It’s funny what can trigger memories when watching sporting events, and the emotions they can evoke when heartbreak happens.
I’ve been fortunate enough to have been able to follow my nephew (my sister’s son Rian Carpenter) compete at the highest level possible when it comes to Little League baseball over the past month.
Rian is a baseball junkie and has been the best player on his USSSA team each of the past several summers. The Johnston Little League 12U All-Star coach took notice this summer, too, and invited Rian onto his team to try and help the Dragons advance all the way to the Little League World Series.
Yes, THE Little League World Series.
Now, before you roll your eyes and snort ‘right, the Little League World Series,’ the Johnston team just about made it there, and if not for a meltdown in the final inning of their Midwest regional championship game in Westfield, Indiana, just north of Indianapolis Saturday, Aug. 10, Rian and his team would be in Williamsport, PA, right now.
Merely making that statement gives me goosebumps. The fact that Rian was a member of Iowa’s top 12U Little League team fills me with pride.
The level of talent you have possess to make it to the Little League World Series is mind boggling, yet Rian and his amazing collection of teammates just about did it, and wow did they ever represent Iowa well in the Midwest regional over an amazing stretch of baseball from Aug. 3-10.
Johnston (in my unbiased opinion) was the best team at the region, and had already defeated the Coon Rapids Andover American Little League team, from Minnesota, in a semi-final contest on Thursday, Aug. 8. Johnston had to play Coon Rapids again, this time in the championship game Saturday, to be the Midwest’s representative at the Little League World Series.
The region was a double elimination tournament, until the championship game, and as it turned out Johnston lost the wrong game dropping an absolutely heartbreaking 8-6 decision to Coon Rapids that actually left me in tears while watching it on ESPN.
Johnston was cruising leading 5-1 heading to fifth inning but were clutching to a narrow 5-4 advantage in the top of the sixth and final frame before Coon Rapids scored once to tie the it before one of their top hitters slugged a three-run home run to take a three-run lead.
I couldn’t believe what I had just watched.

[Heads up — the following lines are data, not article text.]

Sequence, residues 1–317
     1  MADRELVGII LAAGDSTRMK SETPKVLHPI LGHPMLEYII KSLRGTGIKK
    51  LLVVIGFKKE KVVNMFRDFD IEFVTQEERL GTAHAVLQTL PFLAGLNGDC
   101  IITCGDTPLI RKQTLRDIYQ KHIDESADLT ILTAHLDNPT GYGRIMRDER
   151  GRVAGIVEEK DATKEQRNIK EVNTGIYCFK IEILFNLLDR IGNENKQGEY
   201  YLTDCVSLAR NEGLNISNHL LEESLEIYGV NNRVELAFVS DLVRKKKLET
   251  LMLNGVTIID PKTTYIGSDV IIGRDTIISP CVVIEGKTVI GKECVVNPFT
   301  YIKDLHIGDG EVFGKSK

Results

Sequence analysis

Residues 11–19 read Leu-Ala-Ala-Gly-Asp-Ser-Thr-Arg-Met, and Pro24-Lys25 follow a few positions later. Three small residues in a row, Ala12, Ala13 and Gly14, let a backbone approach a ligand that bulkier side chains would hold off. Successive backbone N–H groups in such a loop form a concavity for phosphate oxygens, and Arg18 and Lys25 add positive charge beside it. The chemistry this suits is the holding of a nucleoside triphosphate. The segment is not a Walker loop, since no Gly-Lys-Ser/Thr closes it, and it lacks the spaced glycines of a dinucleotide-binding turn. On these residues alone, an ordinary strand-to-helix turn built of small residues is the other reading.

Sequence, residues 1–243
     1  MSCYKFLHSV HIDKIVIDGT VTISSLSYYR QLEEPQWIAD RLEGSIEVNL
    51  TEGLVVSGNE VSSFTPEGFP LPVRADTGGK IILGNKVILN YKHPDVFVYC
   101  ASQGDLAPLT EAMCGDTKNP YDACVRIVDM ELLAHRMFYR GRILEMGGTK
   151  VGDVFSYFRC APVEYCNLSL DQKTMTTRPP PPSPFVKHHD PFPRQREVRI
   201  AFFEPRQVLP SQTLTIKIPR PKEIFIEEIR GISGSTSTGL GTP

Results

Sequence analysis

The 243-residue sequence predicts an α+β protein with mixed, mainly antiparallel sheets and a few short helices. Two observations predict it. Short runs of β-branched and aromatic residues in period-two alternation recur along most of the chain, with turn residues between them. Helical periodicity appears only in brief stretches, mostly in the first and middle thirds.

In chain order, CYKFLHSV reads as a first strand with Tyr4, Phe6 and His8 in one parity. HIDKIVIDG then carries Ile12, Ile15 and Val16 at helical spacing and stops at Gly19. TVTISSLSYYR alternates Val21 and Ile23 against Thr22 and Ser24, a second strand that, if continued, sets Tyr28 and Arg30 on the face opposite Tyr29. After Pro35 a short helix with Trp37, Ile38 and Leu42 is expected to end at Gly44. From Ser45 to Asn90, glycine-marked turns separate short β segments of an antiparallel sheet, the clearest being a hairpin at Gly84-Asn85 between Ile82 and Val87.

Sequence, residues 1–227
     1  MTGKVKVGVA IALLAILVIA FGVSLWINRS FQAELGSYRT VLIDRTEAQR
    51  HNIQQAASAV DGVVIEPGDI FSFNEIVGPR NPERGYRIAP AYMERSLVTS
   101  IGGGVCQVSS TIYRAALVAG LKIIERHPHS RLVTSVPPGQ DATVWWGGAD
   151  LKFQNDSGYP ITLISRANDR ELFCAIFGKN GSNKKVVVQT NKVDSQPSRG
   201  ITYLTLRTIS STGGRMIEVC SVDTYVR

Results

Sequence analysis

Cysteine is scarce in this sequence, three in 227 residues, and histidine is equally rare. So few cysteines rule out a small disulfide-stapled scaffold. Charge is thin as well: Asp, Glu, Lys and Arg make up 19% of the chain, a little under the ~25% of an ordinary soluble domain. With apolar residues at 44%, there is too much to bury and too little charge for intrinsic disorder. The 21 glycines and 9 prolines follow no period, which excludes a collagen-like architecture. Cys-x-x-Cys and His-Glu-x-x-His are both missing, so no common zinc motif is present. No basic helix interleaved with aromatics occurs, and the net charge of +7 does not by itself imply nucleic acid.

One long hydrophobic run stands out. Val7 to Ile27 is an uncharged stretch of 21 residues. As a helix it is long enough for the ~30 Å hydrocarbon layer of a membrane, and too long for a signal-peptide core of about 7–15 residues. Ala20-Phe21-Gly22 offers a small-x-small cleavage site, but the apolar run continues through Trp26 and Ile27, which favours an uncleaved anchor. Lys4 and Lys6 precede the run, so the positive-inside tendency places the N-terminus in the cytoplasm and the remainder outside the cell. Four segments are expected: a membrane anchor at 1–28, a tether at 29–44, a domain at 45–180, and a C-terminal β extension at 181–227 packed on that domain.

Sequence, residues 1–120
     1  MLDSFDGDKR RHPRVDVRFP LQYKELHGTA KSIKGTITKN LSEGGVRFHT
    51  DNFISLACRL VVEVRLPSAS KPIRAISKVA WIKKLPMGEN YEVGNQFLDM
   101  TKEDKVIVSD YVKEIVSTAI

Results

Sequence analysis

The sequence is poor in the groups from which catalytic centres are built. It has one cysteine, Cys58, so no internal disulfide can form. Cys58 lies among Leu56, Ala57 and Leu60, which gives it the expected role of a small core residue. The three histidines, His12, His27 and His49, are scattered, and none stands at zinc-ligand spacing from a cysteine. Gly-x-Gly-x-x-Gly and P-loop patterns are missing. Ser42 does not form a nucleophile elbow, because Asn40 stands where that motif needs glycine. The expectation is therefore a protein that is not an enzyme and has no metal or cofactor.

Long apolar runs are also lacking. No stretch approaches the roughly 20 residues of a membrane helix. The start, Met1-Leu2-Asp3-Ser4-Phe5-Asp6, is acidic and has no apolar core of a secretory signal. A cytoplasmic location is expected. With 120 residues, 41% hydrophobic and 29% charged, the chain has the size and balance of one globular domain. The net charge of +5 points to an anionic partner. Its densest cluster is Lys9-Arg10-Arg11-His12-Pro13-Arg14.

I was starting to make plans with my wife to travel to Williamsport to support Rian in this incredible endeavor, and then in the blink of an eye everything changed.
But Johnston still had one more chance, even though momentum had been completely flipped to Coon Rapids’ side.
Johnston did put up a huge fight, too, and after scoring a run to make it 8-6, had the bases loaded before the final batter struck out, ending the amazing run.
My nephew (and his teammates) were that close to experiencing the thrill of a lifetime, and while I didn’t think I was THAT emotionally involved, obviously I must have been because tears poured down my face as I watched Rian and his teammate shake hands with the celebrating Coon Rapids players after the game.
What watching Rian’s deep run into the Little League tournament also did was bring back some pretty special memories for me, too. Yes, I played Little League baseball in Champaign-Urbana, Illinois, and our team was exceptionally good as well (as good as Rian’s? Maybe).
I however, was not that good. I played right field and batted last, but we had two brothers on my team who were simply incredible (they both went on to play professional baseball at the minor league level), and we rode those brothers (Eric and Darren) to all of our wins.
I struggle with the exact facts (this was over 40 years ago you know), but we advanced to a tournament that was just one away from making it to the Little League World Series, and in a semi-final game against a team from Indiana, we lost 1-0.
Guess who made the final out to end what had been an amazing run for us?
You guessed it, me.
I was so upset after the game I was inconsolable. Even Eric and Darren (who were my best friends) let me know it was okay, but I just felt like I had left everyone down. The tying run (Eric) was at third and the winning run (Darren) was at second. We were that close to advancing and I didn’t come through, grounding out to third base.
I’ve lived with that groundout all my life, and while it hurt (and still does at times), going through that experience helped me become a stronger person in the years to come. You have to deal with failure in life, and it’s how you deal with it that makes you the person that you are.
We made an amazing run back in the late 1970s, and I made some friends that I otherwise may not have made. I learned to appreciate those experiences more than fretting over the ground out.
It took me quite some time to come to grips with that groundout too, but when Rian’s team made their final out Saturday afternoon, I felt that same pain. As tough as it might be right now, I just hope those Johnston kids can learn to appreciate what they accomplished, because moments like those don’t come around very often in life, and it was a blessing just to have been able to experience it.
Talking to Rian after the game, he sure seemed ready to move on. Of course, Rian’s always been way ahead of where I was at the same age, in everything. Thank goodness for that!
Congrats Rian, you and your teammates made Iowa proud.